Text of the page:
Rue du Bac, Paris

Rue du Bac is a street in Paris situated in the 7th arrondissement. The street, which is 1150 m long, begins at the junction of the quais Voltaire and Anatole-France and ends at the rue de Sèvres.

Rue du Bac, Paris
Rue du Bac
Rue du Bac, Paris is located in Paris
Rue du Bac, Paris
Shown within Paris
Length1,150 m (3,770 ft)
Width20 m (66 ft) (average) between quais Anatole France and Voltaire and the boulevard Saint-Germain. 18 m between the Boulevard Saint-Germain and the rue de Sèvres
QuarterSaint-Thomas d'Aquin
Coordinates48°51′23″N 2°19′35″E / 48.85639°N 2.32639°E / 48.85639; 2.32639
Fromquai Voltaire, Paris and quai Anatole France
Torue de Sèvres, Paris
CompletionOpened between 1600 à 1610
"Plaque James McNeill Whistler, 110 rue du Bac, Paris 7"

Rue du Bac is also the name of a station on line 12 of the Paris Métro, although its entrance is actually located on the boulevard Raspail at the point where it is joined by the rue du Bac.


Rue du Bac owes its name to a ferry (bac) established around 1550 on what is now the quai Voltaire, to transport stone blocks for the construction of the Palais des Tuileries. It crossed the Seine at the site of today's Pont Royal, a bridge constructed during the reign of Louis XIV to replace the Pont Rouge built in 1632 by the financier Barbier.

Originally, the street was named Grand Chemin du Bac, then Ruelle du Bac and Grande Rue du Bac.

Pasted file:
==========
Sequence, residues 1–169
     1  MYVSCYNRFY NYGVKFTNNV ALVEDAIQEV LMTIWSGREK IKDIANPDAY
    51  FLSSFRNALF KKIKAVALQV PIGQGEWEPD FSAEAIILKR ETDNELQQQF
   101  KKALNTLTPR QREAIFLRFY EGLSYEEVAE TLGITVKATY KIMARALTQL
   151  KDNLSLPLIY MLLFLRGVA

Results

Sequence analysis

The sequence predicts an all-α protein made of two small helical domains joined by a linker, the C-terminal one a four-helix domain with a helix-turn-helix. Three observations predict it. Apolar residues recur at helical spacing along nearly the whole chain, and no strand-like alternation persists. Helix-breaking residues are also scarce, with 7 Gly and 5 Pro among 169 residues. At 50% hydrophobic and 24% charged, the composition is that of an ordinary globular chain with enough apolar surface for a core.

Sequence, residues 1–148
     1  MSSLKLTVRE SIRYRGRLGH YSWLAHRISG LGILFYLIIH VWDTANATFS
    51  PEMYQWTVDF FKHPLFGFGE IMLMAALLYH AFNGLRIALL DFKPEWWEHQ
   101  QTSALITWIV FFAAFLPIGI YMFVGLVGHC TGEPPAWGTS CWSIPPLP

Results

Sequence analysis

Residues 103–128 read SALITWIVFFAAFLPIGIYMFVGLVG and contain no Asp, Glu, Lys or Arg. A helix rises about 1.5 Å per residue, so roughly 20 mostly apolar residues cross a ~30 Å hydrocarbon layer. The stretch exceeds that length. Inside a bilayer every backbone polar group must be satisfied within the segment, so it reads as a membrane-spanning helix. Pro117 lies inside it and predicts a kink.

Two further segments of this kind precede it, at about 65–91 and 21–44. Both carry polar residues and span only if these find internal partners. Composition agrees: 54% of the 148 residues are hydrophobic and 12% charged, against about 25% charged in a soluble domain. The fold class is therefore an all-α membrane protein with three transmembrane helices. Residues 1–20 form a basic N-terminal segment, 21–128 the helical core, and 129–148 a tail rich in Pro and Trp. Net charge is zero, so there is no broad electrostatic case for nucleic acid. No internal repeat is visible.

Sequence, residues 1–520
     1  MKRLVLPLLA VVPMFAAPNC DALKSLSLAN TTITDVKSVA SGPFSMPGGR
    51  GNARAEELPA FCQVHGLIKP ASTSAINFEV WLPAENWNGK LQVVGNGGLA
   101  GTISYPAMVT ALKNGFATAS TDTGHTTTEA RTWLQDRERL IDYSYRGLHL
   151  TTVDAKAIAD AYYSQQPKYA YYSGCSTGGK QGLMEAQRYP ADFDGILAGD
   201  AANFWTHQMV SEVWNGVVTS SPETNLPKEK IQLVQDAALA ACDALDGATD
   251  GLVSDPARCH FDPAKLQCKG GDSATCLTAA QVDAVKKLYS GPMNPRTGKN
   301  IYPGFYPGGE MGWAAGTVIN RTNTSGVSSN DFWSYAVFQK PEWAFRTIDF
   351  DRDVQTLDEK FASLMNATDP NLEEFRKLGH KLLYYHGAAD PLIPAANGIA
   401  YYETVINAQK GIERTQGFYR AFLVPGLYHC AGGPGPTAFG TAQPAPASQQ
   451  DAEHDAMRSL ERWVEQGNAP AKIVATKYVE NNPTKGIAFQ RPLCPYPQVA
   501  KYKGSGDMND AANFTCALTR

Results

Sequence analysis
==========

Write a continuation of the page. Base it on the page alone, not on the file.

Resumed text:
Buildings of noteEdit

Odd street numbersEdit

  • 1 : Built by Auguste Rolin and C. La Horgue in 1882-1883
  • 83–85 : Former monastery of the Immaculate Conception built in 1637. It also occupied numbers 87 and 89 rue de Grenelle [fr], onto which the garden extended.
  • 97 : Hôtel de Ségur (also called Hôtel de Salm-Dyck) : This house was built in 1722 for Pierre Henry Lemaître (also owner of the château du Marais [fr]), perhaps by François Debias-Aubry [fr]. Some of the interior décor dates to that period. From 1786 to 1792 and from 1796 to 1798 it was occupied by Madame de Staël, who held a regular salon here.
  • 101 : Hôtel de La Feuillade

Even street numbersEdit

Destroyed buildingsEdit

  • 84 : Former entrance into the garden of the Hôtel de Galliffet, which has its main entrance at 73 rue de Grenelle [fr]; marked by a massive porch that was torn down in 1837
  • 86 : Site of the former Hôtel Dillon

See alsoEdit


  1. ^ "Memorial de la Deportation des Juifs de France One-Step Search Results". Retrieved 2022-10-17.
  2. ^ Ronald Anderson and Anne Koval, James McNeill Whistler: Beyond the Myth, Carroll & Graf, New York, 1994, pg. 357 et seq.
  3. ^ "Mr. Klein (1976)". IMDb.

This article was drawn mainly from the French Wikipedia article.


  • Bruno Pons et Anne Forray-Carlier (dir.), La Rue du Bac, Paris, Délégation à l'action artistique de la Ville de Paris, 1991 – ISBN 2-905118-33-4

External linksEdit